Dear friend, to promote my new and exciting course: “Ultimate Beginner’s Guide to Mastering Photography“, I want to share with you– why should we take it back to basics in our photography, and why is it good to think like a beginner in our photography?
Do you remember what it was like when you first started photography, with no pre-conceived notions, no “rules”, and you just had uninhibited fun? You could just run around and take photos, without worrying about image quality, sensor size, lenses, equipment, or getting a bunch of likes on social media/Instagram.
I feel this state of being a beginner photographer is the most pure. It is also called ‘child’s mind’ in Zen Buddhism; the idea that whenever we start something like a beginner or a child, we are the most creative. This is because we have no inhibitions, we don’t have any fear of being judged negatively by others. We simply do something for the sake of it, because it is fun!
Another concept from Zen Buddhism: if you want to re-spark your passion for photography, ask yourself:
“What was the ‘original intent’ I had when starting photography?”
Meaning, ask yourself: “Why did I first start making photos?”
Did you start making photos because your child was born? Because you simply had fun running around and taking photos? Did you pick up photography because you wanted a creative outlet? Did you start making photos to document/record your personal life memories?
For myself, I started photography because I had a bad memory, and I thought to myself:
“If I can take photos of my everyday life, and moments which are meaningful to me, then I can re-visit and re-live those positive memories, and thus I will feel more happiness and joy in my life.”
This is what caused me to first ask my mom to get a digital camera for my high school graduation present (A Canon Powershot SD600 camera) in 2006.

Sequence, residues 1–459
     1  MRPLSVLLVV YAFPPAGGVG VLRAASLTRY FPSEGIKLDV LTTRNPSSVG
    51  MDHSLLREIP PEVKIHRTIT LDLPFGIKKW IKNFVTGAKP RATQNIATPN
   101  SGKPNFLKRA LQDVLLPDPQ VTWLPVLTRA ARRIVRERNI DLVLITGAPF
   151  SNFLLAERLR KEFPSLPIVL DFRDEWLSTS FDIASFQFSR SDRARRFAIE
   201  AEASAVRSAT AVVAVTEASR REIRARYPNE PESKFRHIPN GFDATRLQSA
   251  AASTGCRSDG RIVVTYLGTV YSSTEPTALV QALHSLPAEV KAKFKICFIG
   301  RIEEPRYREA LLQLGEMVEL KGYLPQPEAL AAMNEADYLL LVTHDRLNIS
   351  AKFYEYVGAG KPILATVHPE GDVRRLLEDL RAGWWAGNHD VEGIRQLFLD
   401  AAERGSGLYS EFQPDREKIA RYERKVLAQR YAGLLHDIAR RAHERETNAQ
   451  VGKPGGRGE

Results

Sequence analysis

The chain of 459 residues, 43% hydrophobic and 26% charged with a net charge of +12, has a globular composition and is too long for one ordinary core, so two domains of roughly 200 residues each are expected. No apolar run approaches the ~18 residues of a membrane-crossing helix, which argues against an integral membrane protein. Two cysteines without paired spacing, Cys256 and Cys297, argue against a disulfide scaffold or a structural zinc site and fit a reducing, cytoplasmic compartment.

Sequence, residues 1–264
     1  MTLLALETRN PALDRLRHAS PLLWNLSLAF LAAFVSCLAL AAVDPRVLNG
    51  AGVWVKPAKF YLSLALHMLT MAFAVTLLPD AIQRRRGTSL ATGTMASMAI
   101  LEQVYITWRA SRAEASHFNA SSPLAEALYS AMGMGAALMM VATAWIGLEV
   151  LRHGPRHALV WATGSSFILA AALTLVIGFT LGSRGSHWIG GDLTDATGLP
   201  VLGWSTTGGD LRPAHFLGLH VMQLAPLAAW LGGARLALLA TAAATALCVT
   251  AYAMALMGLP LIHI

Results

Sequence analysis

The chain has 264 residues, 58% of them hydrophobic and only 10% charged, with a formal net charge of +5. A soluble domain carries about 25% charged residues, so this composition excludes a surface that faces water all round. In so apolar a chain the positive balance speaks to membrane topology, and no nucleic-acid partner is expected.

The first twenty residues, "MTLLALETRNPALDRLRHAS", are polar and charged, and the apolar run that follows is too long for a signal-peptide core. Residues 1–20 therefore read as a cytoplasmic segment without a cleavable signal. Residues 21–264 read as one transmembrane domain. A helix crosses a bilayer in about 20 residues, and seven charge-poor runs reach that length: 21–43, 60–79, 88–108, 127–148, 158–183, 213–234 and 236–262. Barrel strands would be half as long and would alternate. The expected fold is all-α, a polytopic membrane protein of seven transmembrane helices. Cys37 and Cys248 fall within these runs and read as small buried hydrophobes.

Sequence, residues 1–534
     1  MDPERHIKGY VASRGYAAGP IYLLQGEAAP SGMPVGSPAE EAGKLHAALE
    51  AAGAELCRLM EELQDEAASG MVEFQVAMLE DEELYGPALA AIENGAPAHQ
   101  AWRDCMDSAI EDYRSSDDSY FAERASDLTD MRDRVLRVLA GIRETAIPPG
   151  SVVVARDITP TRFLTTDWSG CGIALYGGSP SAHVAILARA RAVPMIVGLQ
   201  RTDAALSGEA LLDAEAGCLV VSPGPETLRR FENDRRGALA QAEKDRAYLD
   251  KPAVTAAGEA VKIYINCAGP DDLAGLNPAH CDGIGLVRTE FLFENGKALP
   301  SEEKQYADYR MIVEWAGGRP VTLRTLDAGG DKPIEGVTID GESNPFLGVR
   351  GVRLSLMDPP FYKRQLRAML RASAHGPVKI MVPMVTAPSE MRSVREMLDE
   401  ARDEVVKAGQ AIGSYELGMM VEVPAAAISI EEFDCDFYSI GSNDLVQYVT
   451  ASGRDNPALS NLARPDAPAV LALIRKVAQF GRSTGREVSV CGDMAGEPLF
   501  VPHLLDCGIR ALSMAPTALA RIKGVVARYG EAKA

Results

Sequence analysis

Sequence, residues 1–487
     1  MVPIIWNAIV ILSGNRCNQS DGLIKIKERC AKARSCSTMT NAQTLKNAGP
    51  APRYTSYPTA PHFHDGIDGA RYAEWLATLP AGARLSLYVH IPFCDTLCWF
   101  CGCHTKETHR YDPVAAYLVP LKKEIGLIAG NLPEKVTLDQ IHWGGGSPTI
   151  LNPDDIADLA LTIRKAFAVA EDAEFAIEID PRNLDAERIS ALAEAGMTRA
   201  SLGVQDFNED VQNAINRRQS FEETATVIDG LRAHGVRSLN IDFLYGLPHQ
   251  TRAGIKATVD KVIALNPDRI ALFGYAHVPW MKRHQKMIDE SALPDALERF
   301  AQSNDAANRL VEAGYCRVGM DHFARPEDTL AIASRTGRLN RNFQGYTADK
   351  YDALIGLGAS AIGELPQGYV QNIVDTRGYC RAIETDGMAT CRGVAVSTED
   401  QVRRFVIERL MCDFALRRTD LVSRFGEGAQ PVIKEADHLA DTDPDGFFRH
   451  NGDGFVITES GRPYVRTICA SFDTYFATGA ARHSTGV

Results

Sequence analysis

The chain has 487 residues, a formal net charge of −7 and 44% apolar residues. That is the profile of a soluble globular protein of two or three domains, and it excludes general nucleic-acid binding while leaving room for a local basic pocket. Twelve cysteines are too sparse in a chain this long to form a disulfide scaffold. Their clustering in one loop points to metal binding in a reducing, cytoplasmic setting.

No rules, no creative restrictions!
When I first was a beginner photographer, I had no “rules” in my mind. I didn’t discriminate any subject-matter; I photographed anything and everything I found interesting.
I photographed my food, myself in the mirror, my outfits, my friends, my family, nice sunsets, flowers, street scenes, and nice landscapes. I never censored myself as a photographer (this was before social media and the ‘like’ button). In 2009 when I started photography, there wasn’t really any good way to share your photos. Thus, most of the photos you shot, you simply kept the photos for yourself. You would transfer your photos from your SD card to your computer, and enjoy your photos for yourself, and for the few photos you did like– you would email them to friends and family, or you would bring your laptop over to their house and show them the photos in-person. Or you could share some of your photos on MySpace (remember that?) It wasn’t until I went to college (winter of 2006) when Facebook introduced ‘Albums’ which allowed you to more easily share photos with your Facebook friends online.